Interview – Andy Wood: Director at ¡Como No! & La Linea (April 2016)

La Linea Festival, the Latin music bonanza, is on its way once more for its 16th edition and we couldn’t think of a better occasion to have a chat with Andy Wood, La Linea Director and the founder of ¡Como No! (one of the most renowned Latin events promoters in the UK).

We met him at ¡Como No! HQ in South London. A place where, despite its geographical setting, is subject to some frisky Latin American vibes.

Our interview begins asking Andy about the birth of ¡Como No!:

I founded ¡Como No! in 1986 and before that I worked in theatre for a couple of radical companies in the UK, but even then I was very interested in music. My link with Latin America started when I did some volunteer jobs for an association called ‘Nicaraguan Solidarity’, which was working to support Nicaragua after the Revolution. That was a very big organisation and helped to build a bridge between Nicaraguan and British music. They were quite big promoters. When Rúben Blades, the Panamanian musician, played two shows at the Brixton Academy they promoted it. They offered me a Nicaraguan theatre company to bring over to the UK and I set up a tour for them in 1986. Then, they offered me a Cuban music group, the band which worked with Silvio Rodriguez and I set a a six-day tour up for them. Although I was working professionally in theatres, music was kind of my first love”.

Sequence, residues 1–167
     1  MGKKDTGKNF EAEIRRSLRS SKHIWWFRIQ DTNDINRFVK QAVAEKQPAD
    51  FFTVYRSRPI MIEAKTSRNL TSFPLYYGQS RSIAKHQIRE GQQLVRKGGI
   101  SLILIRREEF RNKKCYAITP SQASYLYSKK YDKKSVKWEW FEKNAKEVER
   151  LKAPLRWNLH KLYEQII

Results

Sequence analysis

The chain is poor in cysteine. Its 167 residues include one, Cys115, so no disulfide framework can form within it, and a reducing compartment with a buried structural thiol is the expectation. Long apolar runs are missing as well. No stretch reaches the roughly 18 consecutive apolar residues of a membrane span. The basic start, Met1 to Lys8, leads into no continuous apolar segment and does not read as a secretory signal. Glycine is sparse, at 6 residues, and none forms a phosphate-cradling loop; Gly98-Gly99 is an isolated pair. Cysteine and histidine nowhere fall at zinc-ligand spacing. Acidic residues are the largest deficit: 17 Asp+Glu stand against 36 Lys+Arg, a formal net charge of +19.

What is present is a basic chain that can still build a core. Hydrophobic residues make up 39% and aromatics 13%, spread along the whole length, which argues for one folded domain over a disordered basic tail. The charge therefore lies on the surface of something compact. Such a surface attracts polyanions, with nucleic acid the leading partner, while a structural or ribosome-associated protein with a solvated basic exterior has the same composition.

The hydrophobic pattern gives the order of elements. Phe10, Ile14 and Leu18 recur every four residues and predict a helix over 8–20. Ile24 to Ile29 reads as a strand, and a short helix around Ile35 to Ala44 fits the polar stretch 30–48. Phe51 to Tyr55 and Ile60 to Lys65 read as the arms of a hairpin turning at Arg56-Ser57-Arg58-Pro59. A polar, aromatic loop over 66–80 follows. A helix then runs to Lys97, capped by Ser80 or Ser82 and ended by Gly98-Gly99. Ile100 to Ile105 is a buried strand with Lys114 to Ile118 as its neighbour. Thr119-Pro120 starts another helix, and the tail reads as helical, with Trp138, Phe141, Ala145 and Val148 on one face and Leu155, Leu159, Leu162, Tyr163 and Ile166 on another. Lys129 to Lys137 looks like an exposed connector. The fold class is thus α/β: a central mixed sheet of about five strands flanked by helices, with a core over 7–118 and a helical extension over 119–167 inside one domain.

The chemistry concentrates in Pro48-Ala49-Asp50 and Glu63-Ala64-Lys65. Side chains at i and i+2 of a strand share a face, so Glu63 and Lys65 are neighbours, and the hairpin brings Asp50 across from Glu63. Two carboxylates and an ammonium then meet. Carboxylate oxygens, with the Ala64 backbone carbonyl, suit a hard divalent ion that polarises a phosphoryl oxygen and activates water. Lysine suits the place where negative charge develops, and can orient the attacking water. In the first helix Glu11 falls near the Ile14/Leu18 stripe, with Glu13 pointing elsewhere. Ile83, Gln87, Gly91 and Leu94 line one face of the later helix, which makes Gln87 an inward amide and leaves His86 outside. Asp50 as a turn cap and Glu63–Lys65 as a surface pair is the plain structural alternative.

But, at that time, Latin music wasn’t his ‘cup of mate’:

I really liked the people who I was working with and it’s much easier to work internationally with music than theatre, because of the language barrier. It’s quite interesting when we talk about world music and its different perceptions, because this has always been related to people’s individual background and how they came in touch with this music.

I grew up with glam rock and punk, then I got interested in funk and soul. Once I started to work with Cuban musicians, I eventually found a link with their instrumentations. Later on, when I started to join the dots, I understood how music went from one place to another. How the ships went from New Orleans to La Havana and jazz went through that route too”.

We asked Andy what was happening in London during that period and if the British capital was ready for the big ‘world music’ leap:

1986 was sort of the dawn of world music, but there was something which was already going on. There was already World Circuit, which wasn’t called World Circuit then, but they were already promoting some live shows and bringing artists. There was also the beginning of the Latin American wave coming to London; they were economic migrants coming from Colombia because of what was going on in their country at that time. So there was a series of promotions, for example at the Empire in Leicester Square every Sunday night. It was interesting for Latin music because there were underground clubs, like salsa ones, which were beginning to appeal to a wider London audience. It maybe wasn’t particularly Anglo, but in many other communities like West Africa and Japan people were being touched by Latin music at large.

There was also a place called Bass Clef in Hoxton Square, before Shoreditch and its gentrification, and it was quite interesting because none of the Anglo audience knew how to dance then, so people just danced in the way they thought was right. There was also a good live music scene for London-based Latin bands with important clubs in Vauxhall and Brixton like the Mambo Inn. You could find really good seven or eight-piece bands playing there. Mambo Inn was a really nice venue with a huge crowd too, it had three rooms and its audience came from all over London. They had tropical dance, Latin and African music usually”.

¡Como No! made its first (dance) steps around that time too, which was the beginning of a new wave of live music for London.